{F} Some giants, including General Electric and Cisco, have been remarkably successful at snapping up and integrating scores of small companies. But many others worry about the prices they have to pay and the difficulty in hanging on to the talent that dreamt up the idea. Everybody would like to develop more ideas in-house. Procter & Gamble is now shifting its entire business focus from countries to products; one aim is to get innovations accepted across the company. Elsewhere, the search for innovation has led to a craze for “intrapreneurship”—devolving power and setting up internal ideas-factories and tracking stocks so that talented staff will not leave.

{G} Some people think that such restructuring is not enough. In a new book Clayton Christensen argues that many things which established firms do well, such as looking after their current customers, can hinder the sort of innovative behaviour needed to deal with disruptive technologies. Hence the fashion for cannibalisation, setting up businesses that will actually fight your existing ones. Bank One, for instance, has established Wingspan, an Internet bank that competes with its real branches (see article). Jack Welch’s Internet initiative at General Electric is called “”.

{H} Nobody could doubt that innovation matters. But need large firms need to be quite so pessimistic? A recent survey of the top 50 innovations in America, by Industry Week, a journal, suggested that ideas are as likely to come from big firms as from small ones. Another sceptical note is sounded by Amar Bhidé, a colleague of Mr Christensen’s at the Harvard Business School and the author of another book on entrepreneurship. Rather than having to reinvent themselves, big companies, he believes, should concentrate on projects with high costs and low uncertainty, leaving those with low costs and high uncertainty to small entrepreneurs. As ideas mature and the risks and rewards become more quantifiable, big companies can adopt them.

{I} At Kimberly-Clark, Mr Sanders had to discredit the view that jobs working on new products were for those who couldn’t hack it in the real business.” He has tried to change the culture not just by preaching fuzzy concepts but also by introducing hard incentives, such as increasing the rewards for those who come up with successful new ideas and, particularly, not punishing those whose experiments fail. The genesis of one of the firm’s current hits, Depend, a more dignified incontinence garment, lay in a previous miss, Kotex Personals, a form of disposable underwear for menstruating women.

{J} Will all this creative destruction, cannibalisation and culture tweaking make big firms . more creative? David Post, the founder of Umagic, is sceptical: “The only successful intrapreneurs are ones who leave and become entrepreneurs.” He also recalls with glee the looks of total incomprehension when he tried to hawk his “virtual experts” idea three years ago to the idea labs of firms such as IBM—though, as he cheerfully adds, “of course, they could have been right.” Innovation-unlike, apparently, sex, parenting and fitness—is one area where a computer cannot tell you what to do.

Questions 28-33 

The reading Passage has ten paragraphs A-J.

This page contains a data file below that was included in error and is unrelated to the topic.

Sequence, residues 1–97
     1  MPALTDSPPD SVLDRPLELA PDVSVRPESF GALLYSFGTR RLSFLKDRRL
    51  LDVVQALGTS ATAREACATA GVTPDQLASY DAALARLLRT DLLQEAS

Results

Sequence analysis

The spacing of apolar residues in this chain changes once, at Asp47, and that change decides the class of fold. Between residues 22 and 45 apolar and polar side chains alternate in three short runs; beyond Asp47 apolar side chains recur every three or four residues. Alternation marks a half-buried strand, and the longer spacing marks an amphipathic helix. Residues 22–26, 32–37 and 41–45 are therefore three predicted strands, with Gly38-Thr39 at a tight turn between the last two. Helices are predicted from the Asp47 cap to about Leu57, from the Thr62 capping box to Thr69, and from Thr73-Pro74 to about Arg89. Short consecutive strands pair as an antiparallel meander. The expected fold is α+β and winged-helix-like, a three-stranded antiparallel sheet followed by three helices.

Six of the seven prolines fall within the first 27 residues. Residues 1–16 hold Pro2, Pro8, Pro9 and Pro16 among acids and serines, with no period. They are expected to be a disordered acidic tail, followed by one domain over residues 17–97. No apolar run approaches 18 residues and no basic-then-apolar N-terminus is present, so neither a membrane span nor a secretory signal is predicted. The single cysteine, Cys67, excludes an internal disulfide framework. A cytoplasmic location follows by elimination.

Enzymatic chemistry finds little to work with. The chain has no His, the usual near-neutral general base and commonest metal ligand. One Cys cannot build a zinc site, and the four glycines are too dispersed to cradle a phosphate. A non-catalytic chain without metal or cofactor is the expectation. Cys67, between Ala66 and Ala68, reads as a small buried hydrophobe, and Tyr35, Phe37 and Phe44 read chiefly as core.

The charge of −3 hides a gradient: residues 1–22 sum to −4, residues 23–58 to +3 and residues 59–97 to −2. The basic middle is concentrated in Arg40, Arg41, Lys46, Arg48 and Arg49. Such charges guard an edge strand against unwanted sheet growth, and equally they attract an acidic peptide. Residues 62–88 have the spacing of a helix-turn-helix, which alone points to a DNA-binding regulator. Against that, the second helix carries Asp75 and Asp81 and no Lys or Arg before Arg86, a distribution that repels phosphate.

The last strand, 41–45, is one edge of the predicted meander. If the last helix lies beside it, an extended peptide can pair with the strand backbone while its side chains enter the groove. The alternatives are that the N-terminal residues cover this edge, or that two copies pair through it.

Which paragraph contains the following information? Write the correct letter A-J, in bores 28-33 on your answer sheet.

NB You may use any letter more than once.

(28) Approach to retain best employees

(29) Safeguarding expenses on innovative idea

(30) New idea might be proved wrong

(31) Example of three famous American companies’ innovation

(32) Example of one company changing its focus

(33) Example of a company resolving financial difficulties itself

Questions 34-37

Do the following statements agree with the information given in Reading rassage 37 In boxes 34-37 on your answer sheet, write

TRUE if the statement is True
FALSE if the statement is false
NOT GIVEN If the information is not given in the passage

(34) Umagic is a new representative of a small innovative company.

(35) Amazon and Wal-Mart exchanged their innovation experience.

(36) New idea holders had already been known to take it to small companies in the past.

(37) IBM failed to understand Umagic’s proposal of one new idea.

Questions 38-40 

Choose the correct letter, A, B, C or D. 

Write your answers in boxes 38-40 on your answer sheet.

Question 38 What is the author’s opinion on the effect of innovation in paragraph C?

(A) It only works for big companies 

(B) Fortune magazine has huge influence globally 

(C) It is getting more important 

(D) Effect on American companies is more evident

Question 39 What is Peter Chernin’s point of view on innovation?

(A) Small company is more innovative than big one 

(B) Film industry need more innovation than other industries 

(C) We need to cut the cost when risks occur 

(D) New ideas are more likely going to big companies

Question 40 What is the author’s opinion on innovation at the end of this passage?

(A) Umagic success lies on the accidental “virtual experts” 

(B) Innovation is easy and straightforward 

(C) IBM sets a good example on innovation 

(D) The author’s attitude is uncertain on innovation

For Answers Academic IELTS Reading Test 117 Answers

Pages Content

About The Author

Leave a Comment

Your email address will not be published. Required fields are marked *

Scroll to Top